Filing for bankruptcy can give you a financial fresh start; individuals typically file under Chapter 7 or Chapter 13. Bankruptcy is governed by federal law, not Delaware state law, though some aspects of your bankruptcy case may be state-specific.
Filing for bankruptcy can give you a financial fresh start; individuals typically file under Chapter 7 or Chapter 13. Bankruptcy is governed by federal law, not Delaware state law, though some aspects of your bankruptcy case may be state-specific. For example, Delaware bankruptcy cases must be filed in the United States Bankruptcy Court for the District of Delaware, located in Wilmington.
Chapter 13 Basics
Chapter 13 bankruptcy is, in some ways, like a consolidation loan. As the filer, you submit a proposed repayment plan to the court, and if the court approves your plan, you will make payments to a court-appointed bankruptcy trustee who distributes your payments to your creditors. You must also complete credit counseling and submit schedules of your income, assets, liabilities and expenses.
Not everyone qualifies to file under Chapter 13. To qualify, your debts must be below a certain level, and you must also earn a regular income from which you can make payments toward your plan.
Once you file your Chapter 13 bankruptcy case, you receive an automatic stay that postpones creditor collection efforts against you. The bankruptcy court sends notices to your creditors that your case was filed and that a stay is in place. There are a few exceptions to this stay, such as criminal charges and domestic support cases, but most creditors cannot start or continue collection actions, including contacting you to demand payment. Your automatic stay also keeps creditors from trying to collect from your co-debtors on consumer debts.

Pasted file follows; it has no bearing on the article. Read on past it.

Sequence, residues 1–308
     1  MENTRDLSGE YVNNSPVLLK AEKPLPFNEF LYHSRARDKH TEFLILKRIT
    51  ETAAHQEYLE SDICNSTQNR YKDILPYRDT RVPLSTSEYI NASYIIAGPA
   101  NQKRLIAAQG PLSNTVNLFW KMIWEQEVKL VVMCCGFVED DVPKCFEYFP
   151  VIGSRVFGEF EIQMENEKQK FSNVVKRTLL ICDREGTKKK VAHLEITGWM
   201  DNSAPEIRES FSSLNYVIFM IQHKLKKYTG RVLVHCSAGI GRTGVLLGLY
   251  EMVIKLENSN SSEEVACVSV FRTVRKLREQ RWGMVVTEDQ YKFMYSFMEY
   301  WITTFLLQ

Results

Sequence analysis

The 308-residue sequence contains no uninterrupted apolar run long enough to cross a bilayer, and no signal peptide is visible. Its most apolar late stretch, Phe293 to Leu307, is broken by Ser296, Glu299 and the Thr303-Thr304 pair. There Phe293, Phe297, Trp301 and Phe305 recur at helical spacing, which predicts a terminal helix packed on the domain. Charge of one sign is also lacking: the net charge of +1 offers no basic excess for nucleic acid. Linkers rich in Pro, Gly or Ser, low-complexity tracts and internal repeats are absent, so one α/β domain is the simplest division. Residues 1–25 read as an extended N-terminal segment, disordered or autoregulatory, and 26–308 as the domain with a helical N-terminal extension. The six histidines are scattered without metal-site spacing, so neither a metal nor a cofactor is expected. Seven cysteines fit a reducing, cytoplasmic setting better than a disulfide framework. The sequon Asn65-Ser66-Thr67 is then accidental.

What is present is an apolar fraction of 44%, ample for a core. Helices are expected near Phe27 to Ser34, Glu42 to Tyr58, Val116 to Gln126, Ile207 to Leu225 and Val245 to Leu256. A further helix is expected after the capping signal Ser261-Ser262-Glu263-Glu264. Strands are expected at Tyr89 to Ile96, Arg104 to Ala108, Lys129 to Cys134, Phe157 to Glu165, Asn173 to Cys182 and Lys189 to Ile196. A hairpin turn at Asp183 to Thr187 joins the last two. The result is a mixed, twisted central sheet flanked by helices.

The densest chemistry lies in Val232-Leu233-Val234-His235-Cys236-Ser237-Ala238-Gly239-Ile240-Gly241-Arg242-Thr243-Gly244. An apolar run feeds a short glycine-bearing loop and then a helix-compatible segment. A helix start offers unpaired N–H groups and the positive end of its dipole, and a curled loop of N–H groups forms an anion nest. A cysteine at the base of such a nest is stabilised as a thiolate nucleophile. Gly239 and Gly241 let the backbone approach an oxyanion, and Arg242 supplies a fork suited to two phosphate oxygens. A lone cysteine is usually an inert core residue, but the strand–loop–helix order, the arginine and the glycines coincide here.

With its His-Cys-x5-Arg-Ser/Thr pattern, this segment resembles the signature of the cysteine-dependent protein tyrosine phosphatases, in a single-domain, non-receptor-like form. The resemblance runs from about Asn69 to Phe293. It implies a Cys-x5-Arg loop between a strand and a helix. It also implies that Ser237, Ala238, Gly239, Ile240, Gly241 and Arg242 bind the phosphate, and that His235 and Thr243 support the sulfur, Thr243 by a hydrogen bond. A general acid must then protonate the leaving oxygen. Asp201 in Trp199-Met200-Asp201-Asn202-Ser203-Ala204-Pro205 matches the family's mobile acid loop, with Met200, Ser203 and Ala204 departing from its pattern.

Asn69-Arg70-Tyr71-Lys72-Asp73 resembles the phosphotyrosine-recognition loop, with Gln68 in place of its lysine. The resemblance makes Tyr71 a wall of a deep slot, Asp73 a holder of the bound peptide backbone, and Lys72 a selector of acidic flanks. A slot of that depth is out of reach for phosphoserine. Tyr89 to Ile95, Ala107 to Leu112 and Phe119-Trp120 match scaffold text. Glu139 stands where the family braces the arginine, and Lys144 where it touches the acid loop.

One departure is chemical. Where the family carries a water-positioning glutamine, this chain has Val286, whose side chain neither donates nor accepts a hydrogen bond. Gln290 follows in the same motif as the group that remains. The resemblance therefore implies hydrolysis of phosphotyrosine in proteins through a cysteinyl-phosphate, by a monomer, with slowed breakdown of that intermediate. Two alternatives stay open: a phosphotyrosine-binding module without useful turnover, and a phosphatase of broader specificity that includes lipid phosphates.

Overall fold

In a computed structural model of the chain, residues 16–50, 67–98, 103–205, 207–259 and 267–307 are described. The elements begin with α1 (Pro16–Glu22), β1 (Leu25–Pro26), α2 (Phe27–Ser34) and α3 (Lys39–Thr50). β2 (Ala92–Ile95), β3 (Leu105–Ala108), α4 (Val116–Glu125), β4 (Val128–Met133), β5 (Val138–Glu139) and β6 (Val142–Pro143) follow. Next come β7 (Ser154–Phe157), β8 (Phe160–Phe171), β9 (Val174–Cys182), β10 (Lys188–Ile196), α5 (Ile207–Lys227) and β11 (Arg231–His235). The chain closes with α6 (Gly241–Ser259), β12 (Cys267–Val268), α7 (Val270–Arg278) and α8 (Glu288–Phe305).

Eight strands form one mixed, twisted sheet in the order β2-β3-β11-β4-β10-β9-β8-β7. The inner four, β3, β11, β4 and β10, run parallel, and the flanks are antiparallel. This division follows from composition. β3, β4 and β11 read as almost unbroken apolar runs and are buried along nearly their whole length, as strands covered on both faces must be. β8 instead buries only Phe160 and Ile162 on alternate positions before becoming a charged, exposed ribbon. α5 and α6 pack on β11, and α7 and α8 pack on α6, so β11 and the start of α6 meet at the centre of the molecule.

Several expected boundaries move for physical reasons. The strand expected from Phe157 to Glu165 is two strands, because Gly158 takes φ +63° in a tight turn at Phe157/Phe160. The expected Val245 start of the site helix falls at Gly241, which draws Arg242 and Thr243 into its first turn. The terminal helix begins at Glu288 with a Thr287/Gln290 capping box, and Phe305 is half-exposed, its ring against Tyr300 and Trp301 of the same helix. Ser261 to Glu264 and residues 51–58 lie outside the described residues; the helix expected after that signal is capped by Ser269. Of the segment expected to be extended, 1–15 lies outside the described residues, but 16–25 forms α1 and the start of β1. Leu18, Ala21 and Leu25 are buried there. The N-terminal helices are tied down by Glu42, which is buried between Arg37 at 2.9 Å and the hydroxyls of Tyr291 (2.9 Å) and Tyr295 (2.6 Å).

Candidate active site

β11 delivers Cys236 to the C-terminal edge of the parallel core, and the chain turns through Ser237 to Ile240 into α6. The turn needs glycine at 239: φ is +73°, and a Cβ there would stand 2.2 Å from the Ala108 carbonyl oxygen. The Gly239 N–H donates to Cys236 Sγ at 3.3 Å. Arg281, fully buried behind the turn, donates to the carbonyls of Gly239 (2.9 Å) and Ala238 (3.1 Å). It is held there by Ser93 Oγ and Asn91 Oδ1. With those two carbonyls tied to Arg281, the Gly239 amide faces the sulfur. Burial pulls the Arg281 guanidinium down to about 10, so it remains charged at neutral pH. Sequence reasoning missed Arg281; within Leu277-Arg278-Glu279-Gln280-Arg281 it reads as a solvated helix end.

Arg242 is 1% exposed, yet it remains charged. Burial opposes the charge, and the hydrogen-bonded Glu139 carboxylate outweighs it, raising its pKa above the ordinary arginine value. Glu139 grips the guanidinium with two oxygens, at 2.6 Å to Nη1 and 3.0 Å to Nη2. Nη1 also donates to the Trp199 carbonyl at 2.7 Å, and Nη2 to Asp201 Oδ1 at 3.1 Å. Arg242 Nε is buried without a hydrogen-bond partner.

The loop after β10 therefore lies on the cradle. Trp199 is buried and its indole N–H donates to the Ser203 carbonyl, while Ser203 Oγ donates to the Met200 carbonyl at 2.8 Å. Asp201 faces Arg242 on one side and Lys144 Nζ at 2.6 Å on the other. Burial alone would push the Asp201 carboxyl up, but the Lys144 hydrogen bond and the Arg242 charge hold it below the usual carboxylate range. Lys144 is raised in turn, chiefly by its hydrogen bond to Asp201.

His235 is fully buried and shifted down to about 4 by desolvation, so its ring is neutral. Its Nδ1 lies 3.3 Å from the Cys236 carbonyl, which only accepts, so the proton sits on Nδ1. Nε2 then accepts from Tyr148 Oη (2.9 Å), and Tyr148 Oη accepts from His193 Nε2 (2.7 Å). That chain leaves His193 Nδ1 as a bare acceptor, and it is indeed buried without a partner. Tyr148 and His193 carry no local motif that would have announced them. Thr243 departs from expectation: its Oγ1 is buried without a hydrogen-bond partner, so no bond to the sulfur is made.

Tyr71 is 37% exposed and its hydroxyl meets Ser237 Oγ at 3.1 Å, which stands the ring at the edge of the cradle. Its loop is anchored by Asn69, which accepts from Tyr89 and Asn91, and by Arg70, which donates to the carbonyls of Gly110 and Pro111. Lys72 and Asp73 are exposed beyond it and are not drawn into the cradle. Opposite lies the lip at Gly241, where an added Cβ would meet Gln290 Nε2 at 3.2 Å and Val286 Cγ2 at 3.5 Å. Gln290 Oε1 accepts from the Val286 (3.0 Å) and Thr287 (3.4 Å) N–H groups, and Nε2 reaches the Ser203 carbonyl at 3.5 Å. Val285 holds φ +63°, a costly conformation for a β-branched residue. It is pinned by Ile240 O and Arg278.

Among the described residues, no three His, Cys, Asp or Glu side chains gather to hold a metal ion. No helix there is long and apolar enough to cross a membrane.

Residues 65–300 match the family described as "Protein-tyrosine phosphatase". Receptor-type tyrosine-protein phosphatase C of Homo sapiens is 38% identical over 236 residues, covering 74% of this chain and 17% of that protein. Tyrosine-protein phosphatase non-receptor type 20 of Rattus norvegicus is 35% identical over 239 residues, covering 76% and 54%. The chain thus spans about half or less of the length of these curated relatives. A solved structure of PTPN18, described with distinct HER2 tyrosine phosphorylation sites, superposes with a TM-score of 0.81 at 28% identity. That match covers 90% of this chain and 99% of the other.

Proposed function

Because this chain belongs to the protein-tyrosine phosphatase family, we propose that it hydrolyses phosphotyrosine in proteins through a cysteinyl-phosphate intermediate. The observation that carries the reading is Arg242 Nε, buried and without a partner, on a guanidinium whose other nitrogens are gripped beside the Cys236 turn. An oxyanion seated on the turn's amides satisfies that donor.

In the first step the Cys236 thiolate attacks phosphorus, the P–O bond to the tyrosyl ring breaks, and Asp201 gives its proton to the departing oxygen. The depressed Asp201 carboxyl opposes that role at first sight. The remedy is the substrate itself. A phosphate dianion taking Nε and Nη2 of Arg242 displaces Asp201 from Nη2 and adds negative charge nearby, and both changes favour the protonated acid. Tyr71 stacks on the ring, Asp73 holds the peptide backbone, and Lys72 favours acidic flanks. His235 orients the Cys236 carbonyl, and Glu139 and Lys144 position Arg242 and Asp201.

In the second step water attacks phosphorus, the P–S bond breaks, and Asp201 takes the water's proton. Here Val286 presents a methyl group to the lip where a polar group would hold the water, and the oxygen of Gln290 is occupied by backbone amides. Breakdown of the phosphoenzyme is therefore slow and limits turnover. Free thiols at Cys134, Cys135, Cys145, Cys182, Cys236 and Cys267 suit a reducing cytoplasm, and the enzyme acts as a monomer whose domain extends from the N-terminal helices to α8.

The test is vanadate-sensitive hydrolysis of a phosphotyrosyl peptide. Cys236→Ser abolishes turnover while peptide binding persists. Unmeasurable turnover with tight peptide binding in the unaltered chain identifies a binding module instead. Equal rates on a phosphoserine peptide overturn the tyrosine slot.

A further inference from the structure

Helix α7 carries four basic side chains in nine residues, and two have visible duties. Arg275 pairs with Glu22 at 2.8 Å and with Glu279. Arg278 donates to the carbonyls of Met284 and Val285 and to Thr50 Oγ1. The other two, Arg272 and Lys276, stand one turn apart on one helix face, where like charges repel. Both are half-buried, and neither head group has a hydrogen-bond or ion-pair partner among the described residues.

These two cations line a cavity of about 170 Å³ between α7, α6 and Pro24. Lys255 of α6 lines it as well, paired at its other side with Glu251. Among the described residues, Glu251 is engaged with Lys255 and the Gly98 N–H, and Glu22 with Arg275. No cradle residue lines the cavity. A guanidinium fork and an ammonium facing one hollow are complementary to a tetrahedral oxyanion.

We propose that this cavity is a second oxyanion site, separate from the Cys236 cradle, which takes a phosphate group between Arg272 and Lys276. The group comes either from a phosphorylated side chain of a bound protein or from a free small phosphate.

If you were facing foreclosure prior to filing, the automatic stay pauses the proceedings. At the same time, your repayment plan gives you the chance to catch up on your past-due mortgage payments. Often, Chapter 13 filers are able to prevent foreclosure entirely.
Every state has a list of property that is exempt from a person’s bankruptcy estate for both Chapter 7 and Chapter 13 proceedings. In Chapter 13 cases, these exemptions help determine the total value of assets available to pay your creditors. Unlike many other states, Delaware law requires you to use Delaware's state exemptions rather than the federal exemption list. Exempt property includes personal items, such as clothing and books, vehicles, certain retirement accounts, and up to $50,000 in home equity. Aside from home equity and retirement accounts, the maximum amount in exemptions individuals may receive is $25,000; married couples are limited to a maximum of $50,000.
Since your repayment plan takes place over a three to five year period, your Chapter 13 case will take at least that long to complete. At the end of your case, once you’ve finished all Chapter 13 requirements, including financial counseling, the court grants a discharge of your remaining unpaid debts. However, some debts do not qualify for discharge, such as certain taxes, student loans and domestic support, but the discharge can eliminate your responsibility to repay other debts, even if the debt was only partially paid through your repayment plan.
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